Grabyo CEO Gareth Capon lays out the pros and cons of an AI-enabled future
Artificial Intelligence (AI) and automation carry huge potential benefits for the video industry. There are numerous production scenarios in which machine learning and automation can enhance existing processes for the creation, management and distribution of content – however, introducing AI to video production needs careful planning.
The contextual power of content should not be lost in the pursuit of efficiency. We can already see the benefits in transforming certain aspects of production, such as the introduction of machine learning into video encoding, which has removed the limitations of hardware-based systems and allows video services to be delivered in high fidelity across the globe.
Machine learning is also useful for content creation. Video editors are able to train automated algorithms to recognize certain ‘triggers’ within recorded or live video inputs, and instantly create short clips, sequences or apply overlays and effects without human intervention. We’ve also seen how computer vision can help editors to quickly understand the context of videos and images, and cognitive audio services can process speech-to-text capture and translations, speeding up the process for creating and distributing content.
While these applications of AI and machine learning stand to revolutionise content workflows, it is increasingly clear that human insight is as important, if not more important, in this digital transformation. Simply put, computers aren’t great storytellers.
Take sports broadcasts as an example; for football, data inputs can tell you when a team scores, or when a foul is committed, but it can’t recognise a piece of dazzling skill or the best reaction shots from the crowd.
Audio analysis can tell you the crowd is cheering, but it unlikely to differentiate between a goal celebration and a pitch invasion. Understanding the context of your content matters.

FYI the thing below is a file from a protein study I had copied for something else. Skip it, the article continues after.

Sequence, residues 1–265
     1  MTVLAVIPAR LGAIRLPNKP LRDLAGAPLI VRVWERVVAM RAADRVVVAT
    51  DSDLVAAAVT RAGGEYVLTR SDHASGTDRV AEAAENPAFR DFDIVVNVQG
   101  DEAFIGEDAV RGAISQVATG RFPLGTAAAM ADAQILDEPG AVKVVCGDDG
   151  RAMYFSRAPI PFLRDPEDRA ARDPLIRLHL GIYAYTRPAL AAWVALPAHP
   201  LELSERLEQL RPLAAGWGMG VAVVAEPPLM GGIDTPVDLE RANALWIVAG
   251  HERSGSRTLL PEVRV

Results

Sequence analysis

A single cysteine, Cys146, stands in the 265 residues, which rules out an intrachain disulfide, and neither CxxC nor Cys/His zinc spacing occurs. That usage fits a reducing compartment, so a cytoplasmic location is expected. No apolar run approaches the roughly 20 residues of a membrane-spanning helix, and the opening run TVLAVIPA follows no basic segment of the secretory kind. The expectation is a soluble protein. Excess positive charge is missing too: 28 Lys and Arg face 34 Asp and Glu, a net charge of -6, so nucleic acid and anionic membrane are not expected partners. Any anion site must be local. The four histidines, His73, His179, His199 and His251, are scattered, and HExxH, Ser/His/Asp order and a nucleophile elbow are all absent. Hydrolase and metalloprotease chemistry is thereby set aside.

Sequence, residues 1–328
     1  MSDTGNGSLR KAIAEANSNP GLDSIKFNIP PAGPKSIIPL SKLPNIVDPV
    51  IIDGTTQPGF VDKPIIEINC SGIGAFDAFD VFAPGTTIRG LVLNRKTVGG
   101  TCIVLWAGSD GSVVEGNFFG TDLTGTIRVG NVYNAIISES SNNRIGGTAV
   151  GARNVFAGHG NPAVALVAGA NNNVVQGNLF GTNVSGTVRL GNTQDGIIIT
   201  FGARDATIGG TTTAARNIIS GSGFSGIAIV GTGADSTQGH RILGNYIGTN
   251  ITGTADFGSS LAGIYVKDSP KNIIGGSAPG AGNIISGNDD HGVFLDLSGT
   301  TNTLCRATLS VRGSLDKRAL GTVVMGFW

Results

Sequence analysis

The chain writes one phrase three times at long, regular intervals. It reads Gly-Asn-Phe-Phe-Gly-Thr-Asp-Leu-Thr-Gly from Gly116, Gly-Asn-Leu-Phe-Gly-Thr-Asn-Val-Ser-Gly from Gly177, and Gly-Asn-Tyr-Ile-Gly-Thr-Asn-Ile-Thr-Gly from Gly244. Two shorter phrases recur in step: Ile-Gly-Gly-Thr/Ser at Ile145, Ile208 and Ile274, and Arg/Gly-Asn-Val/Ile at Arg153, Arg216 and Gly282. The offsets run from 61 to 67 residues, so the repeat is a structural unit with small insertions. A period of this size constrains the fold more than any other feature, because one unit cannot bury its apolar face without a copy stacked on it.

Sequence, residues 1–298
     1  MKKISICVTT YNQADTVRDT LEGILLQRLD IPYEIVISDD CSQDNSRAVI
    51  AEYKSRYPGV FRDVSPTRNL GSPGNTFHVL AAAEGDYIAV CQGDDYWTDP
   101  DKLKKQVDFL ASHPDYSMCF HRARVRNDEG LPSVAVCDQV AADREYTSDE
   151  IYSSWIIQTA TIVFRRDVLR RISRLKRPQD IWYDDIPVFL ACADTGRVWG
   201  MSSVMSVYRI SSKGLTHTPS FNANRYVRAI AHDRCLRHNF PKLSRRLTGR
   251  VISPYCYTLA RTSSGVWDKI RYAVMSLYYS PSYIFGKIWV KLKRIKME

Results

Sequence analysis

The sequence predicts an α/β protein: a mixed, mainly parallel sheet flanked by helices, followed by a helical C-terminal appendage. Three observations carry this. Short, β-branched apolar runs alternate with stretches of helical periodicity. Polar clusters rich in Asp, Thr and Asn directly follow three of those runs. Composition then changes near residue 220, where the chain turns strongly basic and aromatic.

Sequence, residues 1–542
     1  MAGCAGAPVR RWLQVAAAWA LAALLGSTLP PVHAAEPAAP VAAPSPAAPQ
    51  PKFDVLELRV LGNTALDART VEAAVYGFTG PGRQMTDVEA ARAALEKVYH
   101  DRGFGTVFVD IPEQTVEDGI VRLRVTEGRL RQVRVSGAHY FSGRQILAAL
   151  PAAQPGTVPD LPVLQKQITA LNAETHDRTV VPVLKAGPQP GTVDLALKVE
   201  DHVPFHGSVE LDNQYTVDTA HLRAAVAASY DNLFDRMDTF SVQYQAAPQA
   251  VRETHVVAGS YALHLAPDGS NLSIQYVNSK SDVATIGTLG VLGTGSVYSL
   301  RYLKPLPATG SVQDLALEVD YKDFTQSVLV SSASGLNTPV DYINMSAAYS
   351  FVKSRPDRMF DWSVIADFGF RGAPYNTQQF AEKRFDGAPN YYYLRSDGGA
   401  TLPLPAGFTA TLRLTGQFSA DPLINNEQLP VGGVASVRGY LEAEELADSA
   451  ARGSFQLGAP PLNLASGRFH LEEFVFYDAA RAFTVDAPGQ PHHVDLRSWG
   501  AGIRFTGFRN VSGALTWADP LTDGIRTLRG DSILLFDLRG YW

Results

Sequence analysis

There is real value in automating production for the key moments, such as goals or great saves in this football example, which helps publishers get to market first with content. But it’s harder to create an engaging story of the game without using other contextual references, which helps viewers connect to the content.
The same goes for drama, action, or almost any genre of content. A computer can recognise your lead character’s face and tell you when it’s in-frame, perhaps apply effects or music, but it can’t read the context of the scene they are in, which means it also can’t recognise the best moments of dialogue or the most heartfelt scenes, in order to react appropriately.
Human editors, equipped with the tools to quickly and easily access music, layers, clips or graphics associated with a certain character or event, are able to create a more impactful piece of content, spending less time on menial tasks and more time focused on their art. AI and machine-learning can expedite production, but they don’t remove all the people from the process.
We must view AI in this frame – as a gradual empowerment tool. Its development should be shaped around humans.
In today’s multi-platform market, the competition for viewers is ruthless. The challenges that video editors face have changed – content must be highly tailored for multiple audiences and optimised for multiple platforms. For news, sport or live events, speed of delivery needs to be reduced significantly, demand for content is immediate and pervasive – ‘real time’ clips are those that win the biggest audiences across social media and mobile platforms.
All of these challenges must be met while creating unique, meaningful content. AI can help solve these problems, but it must do so in a way that leaves human engagement at the centre of production.
Despite the significant improvements in video-based AI, it will be some time before AI can comprehend the complex subtleties of emotion and human interaction in every language, system or social context. Until then, AI is a powerful tool to make video production faster, easier and more efficient, but as a partner…not a panacea.
Gareth Capon is CEO of digital video production specialist/platform Grabyo